Thursday, November 16, 2023


One of the first pop songs I can remember that wasn't the Beatles. 

My mum liked it and sang it a lot, in part because the word "Simon" appeared in it.  She also liked that Alan Price - nice looking fellow. 

Alan Price had this sound that I think of  as "rock without guitars" and that descends from the Paul McC side of Beatles - "Hey Jude", "Lady Madonna". A little bit too ingratiating.  Cosy.

Only recently realised "Dancing Bear" was written by Randy Newman, one of those crit-beloved (American-crit beloved, really) artists I've never got to grips with. The shadow of "Short People", perhaps. 

(You gotta love the sloppy disregard of Decca's design people, misspelling Alan on the single cover)

I guess it's one of these songs that if not exactly anti-showbiz, is perhaps ambivalent about the indignity of entertaining a bunch of paying strangers?   

Apparently for Newman it had some kind of secreted meaning to do with how showbiz is a way for minorities - Jewish or Black - to find acceptance in White America. 

This other big hit for the Alan Price Set is this "Ob-La-Di, Ob-La-Da"-ish knees-up. Also has more than a tinge of vocal blackface about it.  

Alan Price is all over the soundtrack of O Lucky Man, the Lindsay Anderson movie. 

Warm Horlicks Englishy sound, very 1971

That flat cap. 

I always remember Price unfondly as the one who joins Dylan in bullying the earnest student journalist in Don't Look Back -  (at 45.50)

(Student aka Terry Ellis, who went on to co-found Chrysalis Records)


  1. Newman does seem to be largely unappreciated by UK critics (artists are another story) - he's an awkward fit anywhere, but the closest would be the US division of 'rock without guitars' (Brian Wilson, Harry Nilsson, and Van Dyke Parks being other notable members) and a sort of American version of Brel/Brassens style chanson (abrasive social criticism, grotesquely exaggerated black comedy, and genuine existential pain - not coincidentally, Newman was the only American songwriter admired by Jake Thackray, the UK chanson division leader)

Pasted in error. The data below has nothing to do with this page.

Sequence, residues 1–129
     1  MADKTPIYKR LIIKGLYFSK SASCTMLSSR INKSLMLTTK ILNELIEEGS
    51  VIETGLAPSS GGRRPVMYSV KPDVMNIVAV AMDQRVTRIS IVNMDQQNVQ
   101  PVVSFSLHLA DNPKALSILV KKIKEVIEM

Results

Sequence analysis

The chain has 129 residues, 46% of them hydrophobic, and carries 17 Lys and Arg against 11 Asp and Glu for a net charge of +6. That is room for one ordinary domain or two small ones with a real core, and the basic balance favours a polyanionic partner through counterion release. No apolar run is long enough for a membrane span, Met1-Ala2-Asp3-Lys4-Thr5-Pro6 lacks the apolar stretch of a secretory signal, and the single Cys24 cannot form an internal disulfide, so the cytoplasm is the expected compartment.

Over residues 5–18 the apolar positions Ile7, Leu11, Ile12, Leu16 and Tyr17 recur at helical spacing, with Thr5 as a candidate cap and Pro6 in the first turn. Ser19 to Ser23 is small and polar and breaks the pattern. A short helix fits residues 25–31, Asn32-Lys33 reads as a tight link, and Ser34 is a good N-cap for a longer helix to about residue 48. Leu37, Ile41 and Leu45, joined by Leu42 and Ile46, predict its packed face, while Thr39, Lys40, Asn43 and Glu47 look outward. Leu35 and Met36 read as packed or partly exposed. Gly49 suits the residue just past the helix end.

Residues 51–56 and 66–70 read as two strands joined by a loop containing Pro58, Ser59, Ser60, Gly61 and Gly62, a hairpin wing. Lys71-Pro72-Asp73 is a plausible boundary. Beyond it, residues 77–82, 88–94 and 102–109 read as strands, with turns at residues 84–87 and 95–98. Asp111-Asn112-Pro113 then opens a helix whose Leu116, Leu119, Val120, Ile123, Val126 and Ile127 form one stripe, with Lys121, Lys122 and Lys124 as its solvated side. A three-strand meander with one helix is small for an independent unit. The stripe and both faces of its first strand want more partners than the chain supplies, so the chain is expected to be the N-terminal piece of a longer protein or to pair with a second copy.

2. Ah, interesting about the Jack Thackray connection. Big fan of Jake.

  3. Allllllan Price did pioneer the "Doom Organ" sound with The Animals (the first Goth band), and there would have been no Doors etc. without him. He occasionally did some dark shit after leaving the 'mools as well:

    A bit of a schizo career, really. Don't think there's a greater let-down band than The Animals - promised to be the grand viziers of eternal darkness, and then just puttered out.

    1. Oh yes you have the whole theory that The Doors are just the Animals with a load of pretensions and reading of Nietzsche and Artaud etc on top!

      I have never listened to The Animals's albums, just know the famous singles. Worth a listen, then? (Well, judging by your let-down comment, maybe not...)

    2. Don't know about the albums either - the fact that there is hardly any original material on them doesn't encourage me to check them out, but maybe that's an error on my part.

      The classic singles are the first records that prefigure the psychotic turn that would happen later in the decade. This one even contains the proto-Doors line "I'm gonna ride the serpent":

      I think with the early beat groups, the manager was the vital element. You needed to have a visionary like Epstein or Loog-Oldham or Kit Lambert - somebody with a bit of life experience who could see beyond what the bands themselves could see. The Animals obviously didn't have that, and just seemed to crumble away. Which is a great shame, because they were the grittiest and most glowering of all the British Invasion bands.


Old Wave video special

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